BOSTON -- Kevin Garnett is one of the most emotional athletes in professional sports. But on
Friday night, he displayed a side of him far removed from the chest pumps and yelling that have become characteristic for nearly 20 years.
Prior to the Boston Celtics game against the Houston Rockets, Worcester Telegram reporter Bill Doyle presented Garnett with an article he had written on a teen born without two legs and one arm who not only idolized Garnett, but has also learned how to play basketball with his disabilities.
"Amazing, amazing," said Garnett as he gazed down at the newspaper. "He has more three's
than I have. That's amazing. Things like that are just simply amazing. Other than the reaction and what you see now, I have no words for that. That's truly amazing to me."
Roman Sweeney, a senior at North Central Charter Essential School, in Fitchburg, MA, was
adopted from Russia when he was six years old. In spite of the fact that his left arm extends only down to where his elbow would be and his both of his legs end above his knee, Sweeney has learned to play hoops, tennis, baseball, and participates in other physical activities.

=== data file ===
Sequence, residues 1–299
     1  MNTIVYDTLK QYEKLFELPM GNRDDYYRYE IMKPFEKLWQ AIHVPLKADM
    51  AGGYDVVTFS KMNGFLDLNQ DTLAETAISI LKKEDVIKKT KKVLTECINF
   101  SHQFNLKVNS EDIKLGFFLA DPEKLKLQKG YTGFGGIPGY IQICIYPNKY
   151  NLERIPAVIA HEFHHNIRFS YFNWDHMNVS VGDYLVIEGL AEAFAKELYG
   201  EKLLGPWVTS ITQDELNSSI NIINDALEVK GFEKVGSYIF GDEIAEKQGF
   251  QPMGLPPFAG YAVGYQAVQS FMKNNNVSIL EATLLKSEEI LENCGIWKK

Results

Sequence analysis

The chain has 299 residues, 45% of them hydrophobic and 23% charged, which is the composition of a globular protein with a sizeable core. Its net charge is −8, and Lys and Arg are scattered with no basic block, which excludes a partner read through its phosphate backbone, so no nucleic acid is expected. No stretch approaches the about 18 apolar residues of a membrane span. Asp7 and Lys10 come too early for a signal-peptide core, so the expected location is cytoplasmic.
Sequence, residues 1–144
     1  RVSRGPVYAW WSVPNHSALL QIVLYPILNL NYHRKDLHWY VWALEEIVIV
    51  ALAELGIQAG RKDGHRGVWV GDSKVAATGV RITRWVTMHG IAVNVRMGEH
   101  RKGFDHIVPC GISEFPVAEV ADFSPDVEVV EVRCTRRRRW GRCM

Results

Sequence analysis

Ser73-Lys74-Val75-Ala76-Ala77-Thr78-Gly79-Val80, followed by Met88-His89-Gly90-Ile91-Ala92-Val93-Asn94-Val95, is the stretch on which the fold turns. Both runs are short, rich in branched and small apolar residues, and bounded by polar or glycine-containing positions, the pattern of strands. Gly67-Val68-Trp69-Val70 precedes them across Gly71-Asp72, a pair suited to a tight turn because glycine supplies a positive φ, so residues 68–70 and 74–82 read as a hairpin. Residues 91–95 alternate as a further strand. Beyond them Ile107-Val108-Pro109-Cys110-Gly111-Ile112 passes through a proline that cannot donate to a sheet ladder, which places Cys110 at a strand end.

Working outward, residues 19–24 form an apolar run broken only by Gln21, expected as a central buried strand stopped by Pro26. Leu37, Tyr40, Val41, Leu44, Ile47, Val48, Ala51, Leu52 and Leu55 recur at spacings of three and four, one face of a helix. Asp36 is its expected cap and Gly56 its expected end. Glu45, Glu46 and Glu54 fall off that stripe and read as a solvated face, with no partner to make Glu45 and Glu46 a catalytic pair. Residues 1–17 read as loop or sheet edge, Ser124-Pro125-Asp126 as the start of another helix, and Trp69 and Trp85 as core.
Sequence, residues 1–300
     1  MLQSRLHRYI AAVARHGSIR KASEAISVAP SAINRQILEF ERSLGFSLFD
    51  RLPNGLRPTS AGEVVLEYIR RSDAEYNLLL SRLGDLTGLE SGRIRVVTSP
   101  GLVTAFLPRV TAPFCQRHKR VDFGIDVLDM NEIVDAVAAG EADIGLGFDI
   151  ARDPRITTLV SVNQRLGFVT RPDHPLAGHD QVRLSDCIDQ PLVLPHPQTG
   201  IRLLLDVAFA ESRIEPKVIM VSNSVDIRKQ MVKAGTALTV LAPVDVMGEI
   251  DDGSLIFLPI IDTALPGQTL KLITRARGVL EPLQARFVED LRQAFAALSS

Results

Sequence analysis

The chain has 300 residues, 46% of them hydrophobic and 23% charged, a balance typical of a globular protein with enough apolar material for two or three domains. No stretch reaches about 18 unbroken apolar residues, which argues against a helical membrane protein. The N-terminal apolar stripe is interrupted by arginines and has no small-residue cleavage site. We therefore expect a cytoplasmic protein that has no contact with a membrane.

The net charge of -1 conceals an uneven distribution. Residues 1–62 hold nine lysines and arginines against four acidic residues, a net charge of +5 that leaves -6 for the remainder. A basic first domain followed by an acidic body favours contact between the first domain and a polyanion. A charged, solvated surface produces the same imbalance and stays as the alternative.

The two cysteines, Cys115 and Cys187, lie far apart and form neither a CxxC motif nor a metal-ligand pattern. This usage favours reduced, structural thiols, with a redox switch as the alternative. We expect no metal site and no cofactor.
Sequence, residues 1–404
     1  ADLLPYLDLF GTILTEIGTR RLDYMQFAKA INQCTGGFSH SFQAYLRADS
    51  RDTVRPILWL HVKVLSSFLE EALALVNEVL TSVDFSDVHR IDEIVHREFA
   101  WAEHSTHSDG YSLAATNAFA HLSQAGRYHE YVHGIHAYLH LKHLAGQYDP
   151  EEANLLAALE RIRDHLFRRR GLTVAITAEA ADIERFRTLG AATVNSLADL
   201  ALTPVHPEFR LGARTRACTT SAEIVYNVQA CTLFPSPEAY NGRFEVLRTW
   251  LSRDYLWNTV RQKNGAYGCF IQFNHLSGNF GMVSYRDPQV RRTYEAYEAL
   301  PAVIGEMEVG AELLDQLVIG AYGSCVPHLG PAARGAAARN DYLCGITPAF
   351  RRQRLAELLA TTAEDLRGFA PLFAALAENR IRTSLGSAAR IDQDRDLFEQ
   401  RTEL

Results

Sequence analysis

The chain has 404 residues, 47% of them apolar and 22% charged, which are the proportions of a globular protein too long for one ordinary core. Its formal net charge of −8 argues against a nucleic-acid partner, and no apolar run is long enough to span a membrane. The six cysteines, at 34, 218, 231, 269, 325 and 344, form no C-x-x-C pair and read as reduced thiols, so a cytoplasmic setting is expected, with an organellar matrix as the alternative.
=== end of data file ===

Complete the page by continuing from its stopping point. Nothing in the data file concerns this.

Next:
"Wow, that's true determination," said Garnett. "That's someone who really loves basketball and loves the game and living life. That's true inspiration right there."
Garnett was moved that the 19 year old named him his favorite NBA player. He began playing in the league when Sweeney was less than two years old.
"Out of all the players in this league, that's a true compliment. I'm more than honored. For what reason, I have no idea (laughs). But it's flattering, it's flattering," he said.
Garnett continued, "I've been in this game long enough, I hope that I've contributed something to this game other than the negative parts of it. Hopefully I've brought some good and some type of influence to the game. Hopefully somewhere in the world, some people find any type of positive or any type something that gets them through their day. I've always been grateful and more than appreciative to be able to be someone's strength if not a source of confidence. Out of all the things in the world to be able to look at and say, this is what I use for confidence, I'm one of them. So that's a true compliment."